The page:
While there was a certain resemblance between the two lads, chiefly in the firm yet good-humored expression of their mouths, in some respects they differed greatly in appearance. While Frank was dark, with straight, black hair and brown eyes, his brother was pink-cheeked, with fair, curly hair and blue eyes.

- with Blue:

Even though one boy was dark and the other fair, there was a marked resemblance between the two brothers. Eighteen-year-old Frank was tall and dark. Joe, a year younger, was blond with blue eyes.

Gee - hack writers really were better in the old days! Still, neither of these Tower Treasures amounted to a pleasant "blast from the past" for me. The Blue version clipped along, where the Brown version meandered and tried my patience. The Brown version also had too much "good natured yokelry" for my taste: Bayport's police are painted as impossibly inept, even corrupt; farmers are physically slow and dim-witted; townsfolk are prone to behavior that's frankly paranoid. It's "only a story", of course, and not to be confused with reality. But it is a little disappointing to have to finally resort to the Brits (once again) as the final word in children's lit.

I parked the books, and thought nothing of it, until earlier this summer when I saw (remaindered) The House On The Point: A Tribute To Franklin W. Dixon And The Hardy Boys, by Benjamin Hoff. Again, I faced a smashing product design that harkened back to a previous publishing era. And so I dished the five bucks, curious to see what the author of The Tao of Pooh had to say about The Hardy Boys.

First impression: this Hoff guy takes his Hardy Boys incredibly seriously. In his preface, Hoff talks about how "Franklin W. Dixon" transported him from the turgid confines of his sickly youth into a world of adventure, whose only required passport was rational inquiry. Fair enough. But then Hoff recounts the disappointment he felt when as an adult he read the reprinted adventures of his youth. The prose was bad, the mysteries were "solved" not by deductive reasoning but by freakish coincidences, and characters with obvious potential were left untouched and undeveloped.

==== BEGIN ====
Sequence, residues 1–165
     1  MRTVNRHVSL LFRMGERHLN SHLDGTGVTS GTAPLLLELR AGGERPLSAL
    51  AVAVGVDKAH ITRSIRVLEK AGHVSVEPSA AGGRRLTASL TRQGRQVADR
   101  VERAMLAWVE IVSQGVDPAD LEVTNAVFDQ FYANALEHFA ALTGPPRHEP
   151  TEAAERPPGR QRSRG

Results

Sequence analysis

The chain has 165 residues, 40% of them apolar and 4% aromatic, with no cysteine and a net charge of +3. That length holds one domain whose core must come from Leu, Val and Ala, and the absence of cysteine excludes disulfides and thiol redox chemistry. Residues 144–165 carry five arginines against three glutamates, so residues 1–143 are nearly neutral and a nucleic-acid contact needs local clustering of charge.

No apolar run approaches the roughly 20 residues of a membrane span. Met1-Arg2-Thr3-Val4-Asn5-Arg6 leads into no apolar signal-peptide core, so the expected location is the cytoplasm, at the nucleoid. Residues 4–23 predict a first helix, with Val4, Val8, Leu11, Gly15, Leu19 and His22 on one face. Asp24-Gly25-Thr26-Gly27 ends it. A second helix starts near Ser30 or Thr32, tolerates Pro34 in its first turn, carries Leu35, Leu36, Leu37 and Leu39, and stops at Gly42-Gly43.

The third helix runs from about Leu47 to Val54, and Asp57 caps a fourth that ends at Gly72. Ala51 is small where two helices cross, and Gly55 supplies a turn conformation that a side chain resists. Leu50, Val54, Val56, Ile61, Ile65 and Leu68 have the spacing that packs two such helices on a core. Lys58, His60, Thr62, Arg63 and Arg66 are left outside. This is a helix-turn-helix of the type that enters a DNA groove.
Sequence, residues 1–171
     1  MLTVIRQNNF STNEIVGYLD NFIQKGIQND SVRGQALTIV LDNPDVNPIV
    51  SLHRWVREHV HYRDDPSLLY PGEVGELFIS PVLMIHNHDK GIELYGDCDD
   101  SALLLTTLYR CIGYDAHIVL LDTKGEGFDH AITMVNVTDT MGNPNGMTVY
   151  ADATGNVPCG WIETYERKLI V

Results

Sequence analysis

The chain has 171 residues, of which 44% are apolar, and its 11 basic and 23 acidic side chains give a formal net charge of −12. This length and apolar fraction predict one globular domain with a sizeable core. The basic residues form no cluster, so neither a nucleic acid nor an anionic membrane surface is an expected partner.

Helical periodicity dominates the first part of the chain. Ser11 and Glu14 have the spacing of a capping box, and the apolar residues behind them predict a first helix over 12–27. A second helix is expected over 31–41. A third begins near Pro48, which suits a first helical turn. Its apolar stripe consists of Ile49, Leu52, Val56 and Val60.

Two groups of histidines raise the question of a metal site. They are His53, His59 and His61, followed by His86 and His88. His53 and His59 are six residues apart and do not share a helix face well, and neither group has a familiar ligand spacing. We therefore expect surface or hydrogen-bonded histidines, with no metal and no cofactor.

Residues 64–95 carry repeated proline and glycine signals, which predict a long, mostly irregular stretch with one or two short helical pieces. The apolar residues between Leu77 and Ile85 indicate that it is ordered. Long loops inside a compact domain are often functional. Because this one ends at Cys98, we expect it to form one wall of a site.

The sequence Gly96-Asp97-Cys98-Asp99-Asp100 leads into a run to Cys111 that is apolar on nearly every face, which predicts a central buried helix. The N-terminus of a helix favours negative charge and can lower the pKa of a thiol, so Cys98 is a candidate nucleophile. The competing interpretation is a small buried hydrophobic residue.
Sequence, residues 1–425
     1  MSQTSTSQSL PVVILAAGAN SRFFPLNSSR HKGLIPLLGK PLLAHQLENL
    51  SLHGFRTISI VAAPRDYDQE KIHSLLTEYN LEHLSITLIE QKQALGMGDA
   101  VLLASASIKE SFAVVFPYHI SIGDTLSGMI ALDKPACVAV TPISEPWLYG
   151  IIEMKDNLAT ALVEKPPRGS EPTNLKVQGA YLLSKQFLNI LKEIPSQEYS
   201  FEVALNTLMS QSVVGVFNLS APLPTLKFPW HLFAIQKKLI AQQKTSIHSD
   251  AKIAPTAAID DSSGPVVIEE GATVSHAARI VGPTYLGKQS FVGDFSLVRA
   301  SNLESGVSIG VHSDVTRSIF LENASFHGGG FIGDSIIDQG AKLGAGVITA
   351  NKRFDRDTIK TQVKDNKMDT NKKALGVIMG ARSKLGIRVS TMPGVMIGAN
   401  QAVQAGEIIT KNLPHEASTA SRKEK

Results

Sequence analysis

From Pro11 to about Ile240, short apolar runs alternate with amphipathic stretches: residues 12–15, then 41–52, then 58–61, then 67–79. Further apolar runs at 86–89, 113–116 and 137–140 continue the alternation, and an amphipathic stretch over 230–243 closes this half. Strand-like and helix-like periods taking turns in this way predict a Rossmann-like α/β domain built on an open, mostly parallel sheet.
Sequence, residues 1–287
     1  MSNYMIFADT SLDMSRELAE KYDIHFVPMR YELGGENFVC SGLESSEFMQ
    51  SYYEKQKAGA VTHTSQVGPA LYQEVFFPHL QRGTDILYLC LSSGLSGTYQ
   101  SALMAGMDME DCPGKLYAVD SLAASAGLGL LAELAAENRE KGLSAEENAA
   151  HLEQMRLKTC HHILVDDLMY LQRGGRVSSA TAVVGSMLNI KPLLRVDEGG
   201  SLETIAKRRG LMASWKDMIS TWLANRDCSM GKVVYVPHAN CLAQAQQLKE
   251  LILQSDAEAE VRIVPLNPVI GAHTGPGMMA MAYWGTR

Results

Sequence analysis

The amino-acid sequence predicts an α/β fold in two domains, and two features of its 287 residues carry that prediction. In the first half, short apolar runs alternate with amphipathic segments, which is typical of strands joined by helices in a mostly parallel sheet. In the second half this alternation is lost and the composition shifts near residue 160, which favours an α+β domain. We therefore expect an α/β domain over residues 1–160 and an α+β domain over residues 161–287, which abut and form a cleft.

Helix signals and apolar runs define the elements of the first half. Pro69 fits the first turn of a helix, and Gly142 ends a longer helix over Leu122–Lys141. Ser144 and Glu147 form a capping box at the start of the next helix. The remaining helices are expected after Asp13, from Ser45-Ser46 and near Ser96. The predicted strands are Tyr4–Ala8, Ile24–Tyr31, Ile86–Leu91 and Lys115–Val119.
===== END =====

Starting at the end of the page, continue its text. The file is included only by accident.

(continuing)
At this point, my inclination would be to remark on the nature of memory, and perhaps try to chart how these slight entertainments were eventually credited with ingraining a faith in my ability to reason my way through dark and dangerous territory - what accounts for this transformation? Hoff's approach is different. The disparity between his Platonic ideal of The Hardy Boys and their real, imperfect manifestation is so great and so personally troubling, he re-fashions The House on the Cliff into the story he wants to remember.

Hoff's Hardy Boys' adventure is a spritely read, and I suppose a measurable improvement on the original. Something about Hoff's stated intention, though, really bugs me. With this one book, he's hoping to sound a clarion call to writers of youth fiction everywhere. It's meant to be an evangelical tract, calling hacks back to the faith, to craft for today's children a few of Orwell's famous "good bad books".

A worthy enterprise, certainly. But I think his attempt to enlist the Hardy Boys dooms it to failure. The fatal problem is, I have my own image of the Hardy Boys. They're adrift in the same brackish waters of WASPish nostalgia as Fun With Dick & Jane, Leave It To Beaver, and Lost In Space: the nuclear family as adventure outfit, led forward by the children, catered to by the mother, corrected by the father. Problems arise when I revisit these entertainments, because there exist disparities between how I remember them and how they actually are, as well as how they compare to the reality of their day and mine. That disparity brings the ideal into sharp relief; attempting to adjust that disparity is an invitation to trouble, not just because everyone's nostalgic ideal is to some degree unique, but because nostalgia usually highlights the moral flaws of the person who holds it.